Learning Skills to Develop Forests and Reduce Carbon in the Kyrgyz Republic and Tajikistan
Developing forested areas offers many interrelated environmental and other socioeconomic benefits. Increased biodiversity, soil conservation, jobs, firewood, and building materials for the rural poor work together to create a virtuous cycle—the more forests, the more benefits; and the more benefits, the more forests. National plans in both the Kyrgyz Republic and Tajikistan give priority to the development of forested areas, and link these activities to carbon sequestration and carbon-trading activities that can provide critical intermediate funding for broader forestry goals.
Facing complex international carbon-financing and sequestration requirements, forest authorities and specialists in the Kyrgyz Republic and Tajikistan asked the World Bank to help identify a country with expertise in forest management and carbon trading that could share its experiences. With the help of funding through the South-South Facility, the World Bank facilitated a knowledge exchange with forestry experts in Moldova, a country that had registered carbon sequestration projects through the Kyoto Protocol’s Clean Development Mechanism (CDM).
This exchange linked forestry institutions and individuals who had fallen out of contact after the collapse of the Soviet Union; and helped forest management officials and experts in the Kyrgyz Republic and Tajikistan implement trial afforestation programs and learn how to register for the CDM. These strengthened networks will also increase regional capacity to achieve forest management and carbon sequestration goals through a number of international forums.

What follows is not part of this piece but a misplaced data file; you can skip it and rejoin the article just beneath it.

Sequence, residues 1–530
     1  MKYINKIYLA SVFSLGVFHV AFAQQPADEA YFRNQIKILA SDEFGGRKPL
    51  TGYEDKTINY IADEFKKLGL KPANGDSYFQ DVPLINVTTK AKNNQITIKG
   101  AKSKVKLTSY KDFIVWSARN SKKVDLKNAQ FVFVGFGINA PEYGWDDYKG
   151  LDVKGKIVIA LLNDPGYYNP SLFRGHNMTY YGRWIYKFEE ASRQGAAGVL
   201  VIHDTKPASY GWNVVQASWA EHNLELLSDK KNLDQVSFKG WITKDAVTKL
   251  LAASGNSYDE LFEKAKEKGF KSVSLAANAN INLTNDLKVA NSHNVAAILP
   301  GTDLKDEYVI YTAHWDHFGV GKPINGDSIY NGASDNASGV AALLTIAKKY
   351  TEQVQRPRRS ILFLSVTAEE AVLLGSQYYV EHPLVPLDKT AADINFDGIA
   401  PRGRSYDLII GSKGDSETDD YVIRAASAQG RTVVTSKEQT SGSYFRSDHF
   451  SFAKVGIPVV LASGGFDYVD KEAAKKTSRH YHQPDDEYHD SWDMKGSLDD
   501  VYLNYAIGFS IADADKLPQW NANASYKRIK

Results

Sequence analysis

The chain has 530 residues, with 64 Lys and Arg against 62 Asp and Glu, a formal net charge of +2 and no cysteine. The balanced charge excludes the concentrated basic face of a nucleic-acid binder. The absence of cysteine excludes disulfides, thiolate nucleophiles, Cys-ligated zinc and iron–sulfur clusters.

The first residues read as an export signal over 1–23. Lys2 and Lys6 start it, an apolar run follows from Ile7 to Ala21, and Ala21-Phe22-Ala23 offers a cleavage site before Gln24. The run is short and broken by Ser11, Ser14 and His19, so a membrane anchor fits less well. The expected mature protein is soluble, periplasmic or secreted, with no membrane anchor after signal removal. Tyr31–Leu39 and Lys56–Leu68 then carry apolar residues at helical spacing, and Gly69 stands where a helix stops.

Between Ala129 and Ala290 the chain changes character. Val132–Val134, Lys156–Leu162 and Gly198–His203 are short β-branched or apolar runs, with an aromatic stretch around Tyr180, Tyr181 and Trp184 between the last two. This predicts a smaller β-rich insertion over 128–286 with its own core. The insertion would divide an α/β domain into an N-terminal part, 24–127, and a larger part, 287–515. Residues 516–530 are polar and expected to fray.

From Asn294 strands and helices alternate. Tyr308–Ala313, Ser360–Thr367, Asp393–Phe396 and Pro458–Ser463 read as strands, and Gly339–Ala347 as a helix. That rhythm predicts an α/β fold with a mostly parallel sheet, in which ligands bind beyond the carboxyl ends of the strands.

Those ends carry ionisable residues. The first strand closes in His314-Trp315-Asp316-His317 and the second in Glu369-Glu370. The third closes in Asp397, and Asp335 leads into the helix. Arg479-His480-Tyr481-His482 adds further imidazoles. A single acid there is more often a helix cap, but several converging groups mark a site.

“The Moldovan experience in getting two projects registered for the CDM … is a real success story and should be used as a useful learning opportunity for other countries,” Andrew Michael Mitchell, World Bank project Task Team Leader, said in his evaluation of the exchange. “This knowledge exchange is extremely replicable. Moldova has even been used for training purposes by the BioCarbon Fund.”
Beneficiaries / Participants
Development of forest areas yields a number of benefits: afforestation generates rural labor, and the products arising from renewed forests—such as firewood and inexpensive building materials—benefit the poor. Afforestation also makes use of marginal land, so it helps protect fragile environments and promotes biodiversity and soil conservation.
Revenue generated from carbon sequestration and global carbon trading activities can help secure intermediate financing to support longer-term forest management goals, and can also be shared with the rural poor. Afforestation, reforestation, and carbon trading are thus all linked in the Kyrgyz Republic’s Country Development Strategy and its National Action Plan on Forestry Development, and in Tajikistan’s State Program on Forestry Development. To participate in global carbon trading activities, countries must implement the Kyoto Protocol’s Clean Development Mechanism (CDM), a process involving several stages: project design, validation, verification, and certification.
At the request of the Kyrgyz Republic and Tajikistan, the World Bank helped to link Kyrgyz and Tajik authorities with a regional neighbor, Moldova, which had achieved notable successes in forest management and afforestation of degraded lands, including registering two projects for the CDM. This exchange aimed to help national forest authorities and specialists in the Kyrgyz Republic and Tajikistan to learn from their peers in Moldova about forest management policies and how to register for the CDM.